Integrative medicine is a holistic approach that emphasizes healing while adhering to evidence-based therapies and making use of all appropriate therapies – diet, exercise and complementary treatments are included in its purview.
Each year, Mayo Clinic integrative medicine experts teach thousands of people practices designed to relax the mind, soothe the body and revive spirit – helping them feel better while managing their health conditions more effectively.
Alternative treatments, whether combined with conventional medications or used alone, aim to maximize your body’s capacity for healing. They may include acupuncture, yoga, dietary supplements, wellness coaching and meditation; typically these alternative therapies have less invasive procedures and side effects than conventional pharmaceutical drugs.
Integrative medicine practitioners do not dismiss conventional therapies outright or readily embrace complementary and alternative medicines (CAM). Instead, they study and improve practices that could benefit their patients.
Conventional therapy refers to medical care provided by health professionals holding medical degrees (such as doctors of medicine and osteopaths ) who utilize pharmaceutical, radiation or surgical interventions to treat symptoms and diseases using drugs, radiation or surgery – this form of therapy is known as biomedicine, mainstream or Western medicine. Other health professionals who provide conventional care include nurses, physician assistants and pharmacists – many are also practitioners of complementary and alternative medicine (CAM) therapies; many are board-certified by medical organizations which promote adherance with the Medical Code of Ethics.
Many practices once known as alternative medicine are now known as complementary and integrative medicine (CIM) or integrative therapies due to increasing research on their safety and effectiveness, as well as increasing integration with conventional treatments.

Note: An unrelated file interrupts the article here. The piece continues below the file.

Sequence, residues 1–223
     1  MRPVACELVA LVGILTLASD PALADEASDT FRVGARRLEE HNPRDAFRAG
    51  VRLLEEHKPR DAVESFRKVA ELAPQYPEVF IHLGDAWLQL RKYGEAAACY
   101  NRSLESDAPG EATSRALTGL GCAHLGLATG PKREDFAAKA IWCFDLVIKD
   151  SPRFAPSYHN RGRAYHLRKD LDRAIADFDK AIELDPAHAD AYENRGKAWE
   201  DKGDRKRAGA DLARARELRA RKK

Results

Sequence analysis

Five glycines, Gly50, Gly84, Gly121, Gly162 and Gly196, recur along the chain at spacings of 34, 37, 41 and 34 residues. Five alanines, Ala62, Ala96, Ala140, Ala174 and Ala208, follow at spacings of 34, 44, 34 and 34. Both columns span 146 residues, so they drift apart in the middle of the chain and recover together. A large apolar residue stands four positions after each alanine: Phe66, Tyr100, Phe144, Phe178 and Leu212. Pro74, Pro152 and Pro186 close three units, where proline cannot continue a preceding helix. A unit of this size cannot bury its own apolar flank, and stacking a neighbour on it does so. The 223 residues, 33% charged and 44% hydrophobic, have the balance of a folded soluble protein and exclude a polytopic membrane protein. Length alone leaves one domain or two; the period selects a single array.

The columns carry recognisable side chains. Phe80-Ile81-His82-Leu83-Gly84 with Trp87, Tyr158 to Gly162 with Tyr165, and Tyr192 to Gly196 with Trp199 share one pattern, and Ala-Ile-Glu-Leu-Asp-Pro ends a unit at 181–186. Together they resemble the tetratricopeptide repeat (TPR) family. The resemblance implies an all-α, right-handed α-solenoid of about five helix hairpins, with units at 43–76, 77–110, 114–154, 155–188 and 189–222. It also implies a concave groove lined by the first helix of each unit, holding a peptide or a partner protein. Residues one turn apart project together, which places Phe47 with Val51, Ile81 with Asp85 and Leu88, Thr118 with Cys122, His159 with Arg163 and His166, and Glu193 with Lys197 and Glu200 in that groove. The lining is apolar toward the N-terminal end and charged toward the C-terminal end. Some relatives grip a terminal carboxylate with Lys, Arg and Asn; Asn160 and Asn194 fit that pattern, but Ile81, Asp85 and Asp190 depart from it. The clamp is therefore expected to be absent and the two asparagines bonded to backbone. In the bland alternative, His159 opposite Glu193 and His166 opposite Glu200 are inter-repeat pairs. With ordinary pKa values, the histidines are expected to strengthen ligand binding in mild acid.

CAM and integrative practitioners often employ nutritional supplements, herbs or other natural treatments to treat conditions, while suggesting diet changes to prevent or manage disease.
Physical approaches include massage and acupuncture – in which needles are placed into specific points on the body – among many others. Other physical therapies include yoga and tai chi.
Meditation and prayer can also be considered integrative therapy as they help calm both mind and spirit. Furthermore, many therapists promote social interactions as an integral component of wellness; some studies even indicate that those closely connected with family and friends live longer than those without such bonds.
Integrative Medicine is a therapeutic form of healthcare that puts the individual at its core, treating their complete array of physical, emotional, mental, social, and spiritual influences on health. Integrative Medicine uses personalized strategies with interventions from multiple scientific fields that combine to bring healing and restore wellness for individuals.
Integrative practitioners often recommend lifestyle modifications that can promote overall health and wellness, such as yoga, acupuncture, nutritional supplements and wellness coaching.
As part of this process, you’ll work closely with your practitioner to develop an individualized health plan designed specifically for you. Effective collaboration amongst doctors and complementary therapists is paramount for its success as you collaborate together towards meeting the health goals. Open communication between all members involved is also key for the best results when working together on such matters.
Behavior change can be an intricate and delicate process for most individuals. A study on two-week integrative medicine inpatient treatment found that functional improvements were associated with patient-related process variables such as ability and willingness to change, emotional/rational disease acceptance, mindfulness practices and overall life and health satisfaction.
Integrative Medicine provides more than the traditional approach to healing by emphasizing lifestyle changes that promote overall well-being. Such lifestyle changes may include stress reduction and resilience training, acupuncture, massage therapy, animal-assisted therapy, nutrition advice, mind-body therapies such as yoga or tai chi. 
Integrative medicine practitioners avoid unproven and potentially risky methods by opting for evidence-based practices instead. They may consult with doctors trained in naturopathy, osteopathy or conventional medical disciplines.
Studies demonstrate the power of combining traditional and alternative medicines to improve health outcomes. One such study revealed that patients treated with both western and Korean therapies were more likely to survive a stroke than those given conventional medicine alone.